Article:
Mosca
Mosca
Joined: Dec 14, 2009
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July 28th, 2010 at 6:52:59 AM permalink
Quote: bluefire

I was thinking about your point that luck includes emotion, and while I don't completely agree with it, I understand where you're coming from with it.

I think a lot of it is because the concept of luck is something we understand at a young age. Since lots of things seemingly happen out of chance (or, at least, it seems that way when a human isn't in complete control of a situation), it's an easy concept to get. Given that + the stakes when gambling, it's easy to associate emotion with it.

Since the concept of "luck" is a lot more natural than "short term variance", it seems a lot more natural to call it "luck", even though it's referring to similar things.

Luck is also a concept that also isn't always easily quantifiable. It is, in gambling, because it's easy to know the house edge, variance, and all the other stats that go along with a particular game. Thus, it seems more mysterious when used in everyday life, as all the factors aren't known.




Exactly. What I'm saying is that luck is related to perception. And perception is reality. You might know a thing, but often that has very little to do with how you act. Luck is about how we understand and store experiences in our brain. Pick a word, any word. But the way we natively understand the experience to recall it for future reference is "luck".

There has been a lot of research into decision making, and how it is done, and what goes on in the brain. Interestingly, what happens is that we weigh all possibilities and then trust our gut instinct. We will act on "I feel lucky" when we sense that there is an advantage to doing so, even if the odds are against us.

And remember that while you can quantify money and monetary gain, there is a lot more going on. There is more to living than economics. "Luck" is about life.


I have to read the other part of what you wrote, again, to comment.
NO KILL I
Nareed
Nareed
Joined: Nov 11, 2009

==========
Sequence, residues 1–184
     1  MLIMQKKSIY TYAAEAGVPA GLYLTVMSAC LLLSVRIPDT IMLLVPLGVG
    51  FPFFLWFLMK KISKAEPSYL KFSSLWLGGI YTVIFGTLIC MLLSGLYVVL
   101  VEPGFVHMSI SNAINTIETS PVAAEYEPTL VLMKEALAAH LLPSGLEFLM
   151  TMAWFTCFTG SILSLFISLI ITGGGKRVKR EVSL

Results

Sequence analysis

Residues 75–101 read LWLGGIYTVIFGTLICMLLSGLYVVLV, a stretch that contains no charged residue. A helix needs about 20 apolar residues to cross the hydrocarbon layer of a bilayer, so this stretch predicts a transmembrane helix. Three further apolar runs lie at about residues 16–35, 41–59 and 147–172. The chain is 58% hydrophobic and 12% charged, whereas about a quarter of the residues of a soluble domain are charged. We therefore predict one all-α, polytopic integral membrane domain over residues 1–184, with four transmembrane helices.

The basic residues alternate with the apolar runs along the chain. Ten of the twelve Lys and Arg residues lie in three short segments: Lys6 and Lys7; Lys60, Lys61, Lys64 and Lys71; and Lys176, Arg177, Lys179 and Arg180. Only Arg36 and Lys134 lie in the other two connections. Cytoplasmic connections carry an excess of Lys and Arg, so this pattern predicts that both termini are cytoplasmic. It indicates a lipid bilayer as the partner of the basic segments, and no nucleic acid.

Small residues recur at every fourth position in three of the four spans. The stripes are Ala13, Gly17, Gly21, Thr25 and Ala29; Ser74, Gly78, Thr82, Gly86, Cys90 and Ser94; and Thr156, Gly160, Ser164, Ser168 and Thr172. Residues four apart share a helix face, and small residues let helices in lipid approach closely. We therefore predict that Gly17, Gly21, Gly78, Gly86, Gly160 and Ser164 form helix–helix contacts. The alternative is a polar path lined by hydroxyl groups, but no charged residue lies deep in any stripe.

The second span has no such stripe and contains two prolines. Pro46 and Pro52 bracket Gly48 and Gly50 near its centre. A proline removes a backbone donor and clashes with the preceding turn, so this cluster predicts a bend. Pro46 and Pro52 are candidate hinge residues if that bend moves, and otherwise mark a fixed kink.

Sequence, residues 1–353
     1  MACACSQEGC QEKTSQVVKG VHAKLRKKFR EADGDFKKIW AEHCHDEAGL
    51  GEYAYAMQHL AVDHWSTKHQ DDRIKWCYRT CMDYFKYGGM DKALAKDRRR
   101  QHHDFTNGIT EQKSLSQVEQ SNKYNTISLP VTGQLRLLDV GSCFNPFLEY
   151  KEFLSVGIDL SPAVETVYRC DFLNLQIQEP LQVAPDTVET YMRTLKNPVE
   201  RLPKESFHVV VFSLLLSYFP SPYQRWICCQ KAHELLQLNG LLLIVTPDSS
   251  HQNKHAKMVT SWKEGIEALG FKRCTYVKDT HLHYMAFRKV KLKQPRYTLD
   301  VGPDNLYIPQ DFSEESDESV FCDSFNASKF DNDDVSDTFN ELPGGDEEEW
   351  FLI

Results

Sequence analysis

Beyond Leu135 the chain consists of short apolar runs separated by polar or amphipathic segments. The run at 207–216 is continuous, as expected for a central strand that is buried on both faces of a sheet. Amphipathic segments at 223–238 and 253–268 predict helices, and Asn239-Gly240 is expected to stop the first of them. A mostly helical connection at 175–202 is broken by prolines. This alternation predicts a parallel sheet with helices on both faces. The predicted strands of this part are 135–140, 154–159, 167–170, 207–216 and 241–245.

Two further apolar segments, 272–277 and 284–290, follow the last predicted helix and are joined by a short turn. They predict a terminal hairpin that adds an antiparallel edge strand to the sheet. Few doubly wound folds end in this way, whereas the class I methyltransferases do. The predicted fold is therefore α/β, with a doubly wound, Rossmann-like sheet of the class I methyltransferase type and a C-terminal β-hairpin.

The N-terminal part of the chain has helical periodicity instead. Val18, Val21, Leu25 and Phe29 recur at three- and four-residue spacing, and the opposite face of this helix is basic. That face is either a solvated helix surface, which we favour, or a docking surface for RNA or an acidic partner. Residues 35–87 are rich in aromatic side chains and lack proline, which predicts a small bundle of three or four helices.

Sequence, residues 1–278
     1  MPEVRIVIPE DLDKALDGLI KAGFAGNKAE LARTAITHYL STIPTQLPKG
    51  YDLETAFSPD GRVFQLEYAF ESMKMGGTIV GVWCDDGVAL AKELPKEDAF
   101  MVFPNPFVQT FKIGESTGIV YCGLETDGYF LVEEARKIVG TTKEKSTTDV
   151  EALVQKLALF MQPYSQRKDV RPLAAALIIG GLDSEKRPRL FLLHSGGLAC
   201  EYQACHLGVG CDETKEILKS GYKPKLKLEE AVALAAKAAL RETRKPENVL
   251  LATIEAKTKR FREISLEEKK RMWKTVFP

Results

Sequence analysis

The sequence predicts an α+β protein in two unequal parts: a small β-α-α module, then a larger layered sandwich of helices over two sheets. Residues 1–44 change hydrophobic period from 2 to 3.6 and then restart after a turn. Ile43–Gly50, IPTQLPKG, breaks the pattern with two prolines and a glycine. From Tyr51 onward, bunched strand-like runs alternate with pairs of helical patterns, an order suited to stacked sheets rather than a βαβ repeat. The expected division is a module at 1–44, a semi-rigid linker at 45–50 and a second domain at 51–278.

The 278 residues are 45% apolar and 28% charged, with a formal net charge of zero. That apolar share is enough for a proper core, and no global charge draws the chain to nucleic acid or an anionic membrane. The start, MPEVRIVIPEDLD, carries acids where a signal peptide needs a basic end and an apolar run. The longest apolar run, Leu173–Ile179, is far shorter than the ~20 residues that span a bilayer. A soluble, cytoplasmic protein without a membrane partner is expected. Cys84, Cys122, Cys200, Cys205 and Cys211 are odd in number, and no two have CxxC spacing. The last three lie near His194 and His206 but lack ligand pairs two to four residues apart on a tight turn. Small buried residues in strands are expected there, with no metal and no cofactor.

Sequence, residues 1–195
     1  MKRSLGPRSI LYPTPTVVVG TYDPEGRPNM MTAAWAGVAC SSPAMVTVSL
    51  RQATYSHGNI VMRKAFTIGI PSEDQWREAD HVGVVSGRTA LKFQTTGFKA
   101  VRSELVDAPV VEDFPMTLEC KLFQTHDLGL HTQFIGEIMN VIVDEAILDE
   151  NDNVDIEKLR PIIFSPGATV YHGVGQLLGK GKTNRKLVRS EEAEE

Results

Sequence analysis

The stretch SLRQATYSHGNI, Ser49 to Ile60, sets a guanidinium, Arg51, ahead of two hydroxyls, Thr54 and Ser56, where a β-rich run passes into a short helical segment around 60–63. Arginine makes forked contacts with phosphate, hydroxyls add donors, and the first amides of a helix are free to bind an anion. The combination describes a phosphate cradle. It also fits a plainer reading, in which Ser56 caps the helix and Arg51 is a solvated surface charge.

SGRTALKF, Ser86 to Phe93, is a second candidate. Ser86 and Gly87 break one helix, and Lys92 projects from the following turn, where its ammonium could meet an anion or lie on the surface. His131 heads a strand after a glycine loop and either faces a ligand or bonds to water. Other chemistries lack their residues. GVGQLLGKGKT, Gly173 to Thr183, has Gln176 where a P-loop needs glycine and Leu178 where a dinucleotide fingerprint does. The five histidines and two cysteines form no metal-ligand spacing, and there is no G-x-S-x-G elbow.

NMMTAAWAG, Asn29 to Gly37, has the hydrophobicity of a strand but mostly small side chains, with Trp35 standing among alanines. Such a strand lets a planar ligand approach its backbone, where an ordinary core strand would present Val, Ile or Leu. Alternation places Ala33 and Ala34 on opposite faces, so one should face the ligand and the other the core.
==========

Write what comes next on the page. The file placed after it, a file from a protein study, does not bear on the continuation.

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January 11th, 2011 at 7:18:57 AM permalink
I've discovered a new Law. Hat-tip to everyone who posted in the recent discussions about cheating, hole-carding and being overpaid at the table, especially to Math Extremist for driving such threads.

Nareed's 26th Las Vegas Law (Tourist Edition):

27) Players will tend to take advantage of any casino or dealer errors regardless of whatever personal ethics they may profess.

I'll edit the blog post to reflect this.
You can visit my blog Kathy's Cooking Corner at kathyscookingcorner.blogspot.mx ... .... When someone offers you friendship with one hand and stabs you in the back with the other, you tend to notice the knife a little bit more.
SFB
SFB
Joined: Dec 20, 2010
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January 11th, 2011 at 8:10:33 AM permalink
Nareed:

28) Personal ethics go out the window when there is cash on the line.
Nareed
Nareed
Joined: Nov 11, 2009
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January 11th, 2011 at 8:21:34 AM permalink
Quote: SFB

Nareed:

28) Personal ethics go out the window when there is cash on the line.



Not bad, but it's redundant to Law 26.

See, when speaking of ethics and large numbers of people, there are no valid absolute statements. That's why the 26th law says "players will tend to." that's what a majority will do, not what all players will do. We have anecdotal evidence that some people here did not do so when faced with the problem, and pledges by other people not to do so in the future when the situation presents itself.

It's too broad, also. I believe most people won't cheat at a casino, even if they should chance upon an oportunity. I mean outright cheats like past-posting, deck-fixing, card-switching, colluding with a dealer, etc.
You can visit my blog Kathy's Cooking Corner at kathyscookingcorner.blogspot.mx ... .... When someone offers you friendship with one hand and stabs you in the back with the other, you tend to notice the knife a little bit more.

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